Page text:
Millions of people are still watching Under the Dome and scientists are baffled. Studies show that since UtD began last summer America has become smellier and 81% of forest animals now hate their bodies. So why do we continue to tune in? This week I had a revelation: UtD is not just a subpar television drama featuring cliché-ridden dialogue, cardboard characters, bad acting, bland camerawork, and poor writing. UtD is educational television and it is here to teach us lessons. As Big Jim says when he reveals that he’s cleaning out the feral pigs and reopening the high school with Rebecca Pine, high school science teacher, “She’s going to teach us things that matter!”
Here are all the useful things that UtD taught this week:
Nothing says “I’m sorry I tried to kill you” like breakfast.
Big Jim has decided to make amends by cooking breakfast for everyone in town. In this episode he serves breakfast to Norrie, Scarecrow Joe, Julia Shumway, and Dale Barbie. He also serves breakfast to my new favorite character, Andrea, an old lady who looks like she does a lot of quilting and who starts all her sentences with the phrase, “People say…” thus making everything that comes out of her mouth sound like an Appalachian folk saying. Big Jim may have formed a lynch squad, arrested children, almost murdered an innocent man, and become a drug dealer, but he’s going to breakfast his way out of it one free coffee refill at a time. His darkest hour comes when Junior stumbles into the diner and instead of asking for breakfast tells his dad that Angie is dead, which is so depressing because Big Jim was keeping a plate of scrambled eggs warm for her.
Magnetic stuff is powerful.
When Junior tells his Uncle Sam that he had a vision of his dead mom, Uncle Sam says, “It was probably the magnetic stuff from the dome playing with your head.” Yeah, that magnetic stuff from the dome gets blamed for everything in Chester’s Mill. Last episode it made people sleepy. This episode it made all the butterflies horny, or, as Rebecca Pine, high school science teacher says, “Something has caused our butterflies’ reproductive cycles to accelerate.” It has also made all the butterflies hungry. Or, as Rebecca Pine, high school science teacher, says, “I think the magnetism must have altered their feeding patterns.” In other words, magnets have caused an invasion of very hungry caterpillars. Rebecca Pine even brings one to the diner so she can show Big Jim what a hungry caterpillar looks like. Fortunately, she has imprisoned it in a jar so that it cannot get out and eat everyone’s eggs, which we know it wants to do because…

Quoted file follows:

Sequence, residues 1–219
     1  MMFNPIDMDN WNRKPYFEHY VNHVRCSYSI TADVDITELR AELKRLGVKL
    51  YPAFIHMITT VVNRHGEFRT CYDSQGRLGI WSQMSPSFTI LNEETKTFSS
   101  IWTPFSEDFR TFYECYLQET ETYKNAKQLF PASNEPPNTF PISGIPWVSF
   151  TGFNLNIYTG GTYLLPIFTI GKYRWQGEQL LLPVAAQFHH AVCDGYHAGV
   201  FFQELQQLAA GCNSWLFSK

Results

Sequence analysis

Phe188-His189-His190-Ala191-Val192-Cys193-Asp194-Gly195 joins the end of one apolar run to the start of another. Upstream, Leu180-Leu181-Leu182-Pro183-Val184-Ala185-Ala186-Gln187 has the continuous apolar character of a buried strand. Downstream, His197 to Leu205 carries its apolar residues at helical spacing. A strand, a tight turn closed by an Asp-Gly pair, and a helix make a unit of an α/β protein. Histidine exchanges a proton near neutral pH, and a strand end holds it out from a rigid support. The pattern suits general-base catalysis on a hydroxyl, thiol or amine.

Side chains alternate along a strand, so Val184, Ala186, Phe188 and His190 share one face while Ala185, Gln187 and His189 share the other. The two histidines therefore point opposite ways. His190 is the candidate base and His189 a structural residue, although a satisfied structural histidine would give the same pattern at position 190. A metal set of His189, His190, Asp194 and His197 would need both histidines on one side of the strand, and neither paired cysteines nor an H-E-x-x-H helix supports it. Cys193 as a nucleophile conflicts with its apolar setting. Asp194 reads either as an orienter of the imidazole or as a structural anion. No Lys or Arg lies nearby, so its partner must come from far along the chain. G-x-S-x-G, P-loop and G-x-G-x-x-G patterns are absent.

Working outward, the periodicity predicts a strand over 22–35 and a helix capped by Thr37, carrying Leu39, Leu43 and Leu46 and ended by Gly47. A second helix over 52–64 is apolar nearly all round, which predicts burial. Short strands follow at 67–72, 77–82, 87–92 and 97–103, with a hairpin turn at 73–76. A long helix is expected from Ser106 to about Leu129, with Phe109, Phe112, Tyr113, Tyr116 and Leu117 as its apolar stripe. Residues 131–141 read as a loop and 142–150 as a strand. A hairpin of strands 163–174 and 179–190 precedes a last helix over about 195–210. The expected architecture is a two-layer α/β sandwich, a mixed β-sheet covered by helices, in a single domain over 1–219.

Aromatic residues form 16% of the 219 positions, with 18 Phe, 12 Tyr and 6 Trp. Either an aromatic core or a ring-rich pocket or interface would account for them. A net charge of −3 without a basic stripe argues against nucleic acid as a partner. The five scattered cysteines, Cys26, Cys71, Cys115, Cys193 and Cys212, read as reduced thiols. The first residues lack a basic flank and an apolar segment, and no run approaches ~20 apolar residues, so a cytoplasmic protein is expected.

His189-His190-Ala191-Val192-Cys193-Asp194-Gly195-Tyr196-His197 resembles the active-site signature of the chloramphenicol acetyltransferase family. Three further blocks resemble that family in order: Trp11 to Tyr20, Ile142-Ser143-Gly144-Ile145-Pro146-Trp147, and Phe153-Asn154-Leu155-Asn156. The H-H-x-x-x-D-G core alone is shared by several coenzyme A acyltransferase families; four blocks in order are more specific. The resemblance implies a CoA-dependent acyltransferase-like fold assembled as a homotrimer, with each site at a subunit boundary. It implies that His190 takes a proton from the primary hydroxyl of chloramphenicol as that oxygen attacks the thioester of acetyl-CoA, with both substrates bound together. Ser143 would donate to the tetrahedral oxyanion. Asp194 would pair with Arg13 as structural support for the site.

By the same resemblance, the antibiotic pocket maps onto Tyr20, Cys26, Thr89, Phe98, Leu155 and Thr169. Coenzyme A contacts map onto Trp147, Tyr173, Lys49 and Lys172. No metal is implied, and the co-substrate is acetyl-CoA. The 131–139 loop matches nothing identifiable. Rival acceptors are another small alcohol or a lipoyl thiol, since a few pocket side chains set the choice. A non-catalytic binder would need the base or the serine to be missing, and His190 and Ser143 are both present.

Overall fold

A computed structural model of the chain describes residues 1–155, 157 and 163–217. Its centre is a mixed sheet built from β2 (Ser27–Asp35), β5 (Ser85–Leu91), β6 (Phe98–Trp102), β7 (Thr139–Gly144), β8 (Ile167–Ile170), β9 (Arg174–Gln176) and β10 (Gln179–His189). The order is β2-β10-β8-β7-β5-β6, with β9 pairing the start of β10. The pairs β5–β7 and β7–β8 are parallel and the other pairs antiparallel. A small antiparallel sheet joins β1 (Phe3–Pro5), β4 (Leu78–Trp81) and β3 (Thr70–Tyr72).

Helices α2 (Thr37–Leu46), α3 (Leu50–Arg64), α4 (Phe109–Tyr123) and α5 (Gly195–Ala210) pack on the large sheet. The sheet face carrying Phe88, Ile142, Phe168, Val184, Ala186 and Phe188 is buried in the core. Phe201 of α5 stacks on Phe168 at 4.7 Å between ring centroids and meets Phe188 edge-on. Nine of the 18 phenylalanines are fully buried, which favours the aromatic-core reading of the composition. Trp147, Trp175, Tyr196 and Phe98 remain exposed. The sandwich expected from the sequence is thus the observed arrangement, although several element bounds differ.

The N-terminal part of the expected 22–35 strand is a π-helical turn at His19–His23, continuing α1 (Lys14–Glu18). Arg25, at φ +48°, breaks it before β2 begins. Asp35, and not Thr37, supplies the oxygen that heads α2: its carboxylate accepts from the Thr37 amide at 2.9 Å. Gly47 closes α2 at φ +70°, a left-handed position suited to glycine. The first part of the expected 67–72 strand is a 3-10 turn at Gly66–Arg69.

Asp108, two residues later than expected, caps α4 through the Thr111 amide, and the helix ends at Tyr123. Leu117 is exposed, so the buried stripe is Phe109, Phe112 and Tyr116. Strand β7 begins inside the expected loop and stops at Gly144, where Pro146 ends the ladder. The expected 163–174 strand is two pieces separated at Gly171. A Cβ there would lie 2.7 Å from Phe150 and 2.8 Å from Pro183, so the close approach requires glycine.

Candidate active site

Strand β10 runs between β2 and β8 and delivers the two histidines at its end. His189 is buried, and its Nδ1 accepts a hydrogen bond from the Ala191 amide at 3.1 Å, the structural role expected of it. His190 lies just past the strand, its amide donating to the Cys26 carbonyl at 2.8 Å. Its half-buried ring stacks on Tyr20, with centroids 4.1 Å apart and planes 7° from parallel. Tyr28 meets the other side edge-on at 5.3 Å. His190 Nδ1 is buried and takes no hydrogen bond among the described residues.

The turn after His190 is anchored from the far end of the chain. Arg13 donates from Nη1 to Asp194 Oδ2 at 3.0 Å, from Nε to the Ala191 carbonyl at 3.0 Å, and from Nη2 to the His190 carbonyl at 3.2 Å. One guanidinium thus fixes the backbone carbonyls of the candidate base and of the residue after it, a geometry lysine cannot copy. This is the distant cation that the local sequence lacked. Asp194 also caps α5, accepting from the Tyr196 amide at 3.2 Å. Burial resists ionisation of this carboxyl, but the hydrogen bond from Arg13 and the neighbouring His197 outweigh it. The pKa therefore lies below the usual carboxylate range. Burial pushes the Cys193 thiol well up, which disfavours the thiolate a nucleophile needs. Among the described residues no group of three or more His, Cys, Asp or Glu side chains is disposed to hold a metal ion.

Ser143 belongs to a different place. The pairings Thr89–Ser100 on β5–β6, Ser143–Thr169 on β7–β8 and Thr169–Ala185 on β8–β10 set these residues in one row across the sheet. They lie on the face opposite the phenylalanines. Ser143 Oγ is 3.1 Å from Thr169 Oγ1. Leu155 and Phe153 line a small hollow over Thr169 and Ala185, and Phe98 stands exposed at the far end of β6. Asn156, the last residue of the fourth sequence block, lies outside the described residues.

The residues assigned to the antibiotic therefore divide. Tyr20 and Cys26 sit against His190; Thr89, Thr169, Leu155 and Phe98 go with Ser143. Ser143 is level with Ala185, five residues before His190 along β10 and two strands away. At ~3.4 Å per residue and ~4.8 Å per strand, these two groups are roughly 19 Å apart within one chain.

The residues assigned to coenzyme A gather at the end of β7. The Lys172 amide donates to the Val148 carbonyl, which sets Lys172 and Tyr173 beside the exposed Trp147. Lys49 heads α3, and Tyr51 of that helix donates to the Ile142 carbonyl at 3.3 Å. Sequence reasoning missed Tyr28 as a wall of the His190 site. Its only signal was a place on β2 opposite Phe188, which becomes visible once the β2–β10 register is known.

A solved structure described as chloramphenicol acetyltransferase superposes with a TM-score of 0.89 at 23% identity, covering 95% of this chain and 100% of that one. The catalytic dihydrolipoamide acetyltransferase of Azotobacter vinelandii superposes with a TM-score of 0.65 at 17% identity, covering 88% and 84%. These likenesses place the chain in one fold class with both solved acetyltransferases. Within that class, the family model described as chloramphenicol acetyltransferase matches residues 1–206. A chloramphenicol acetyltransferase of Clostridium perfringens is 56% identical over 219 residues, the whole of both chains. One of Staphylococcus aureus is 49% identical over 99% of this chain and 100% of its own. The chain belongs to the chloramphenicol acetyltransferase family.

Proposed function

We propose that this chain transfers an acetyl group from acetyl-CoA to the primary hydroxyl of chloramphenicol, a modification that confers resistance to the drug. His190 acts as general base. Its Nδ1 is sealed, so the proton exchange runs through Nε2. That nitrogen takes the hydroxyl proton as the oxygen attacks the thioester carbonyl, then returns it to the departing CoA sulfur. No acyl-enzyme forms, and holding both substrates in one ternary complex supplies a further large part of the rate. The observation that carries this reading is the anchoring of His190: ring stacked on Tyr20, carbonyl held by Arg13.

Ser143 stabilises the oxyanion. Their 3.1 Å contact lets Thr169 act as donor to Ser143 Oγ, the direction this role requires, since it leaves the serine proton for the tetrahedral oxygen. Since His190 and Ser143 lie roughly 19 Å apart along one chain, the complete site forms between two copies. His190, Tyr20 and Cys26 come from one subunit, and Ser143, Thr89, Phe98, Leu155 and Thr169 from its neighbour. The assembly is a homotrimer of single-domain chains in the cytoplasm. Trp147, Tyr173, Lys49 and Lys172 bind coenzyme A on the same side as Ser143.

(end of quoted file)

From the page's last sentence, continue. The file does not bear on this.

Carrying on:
Butterflies are dicks.
Almost the very first time we see butterflies in this episode they are feasting on Angie’s corpse because the magnetic stuff from the dome has made them very hungry. And very horny. So horny, in fact, that they have laid eggs on over “half our crops” according to Rebecca Pine, reminding us that in a town covered by a dome for barely two weeks the most important thing is crops which will not be ready to harvest for at least two more months. Rebecca Pine is so angry that butterflies are touching her crops that she ties a pair of flaming underpants to a stick and uses them to light half the crops on fire. Some of us will be confused by this seemingly contradictory “We have to save our food! Let’s burn our food!” attitude, but are any of us as smart as a high school science teacher? Probably not. Later, the butterflies all kill themselves, but we should not be sad. As Scarecrow Joe explains, “If they’re dead, they laid new eggs.” Does this mean that since Angie is dead she laid eggs too?
CSI stuff is almost as powerful as magnetic stuff.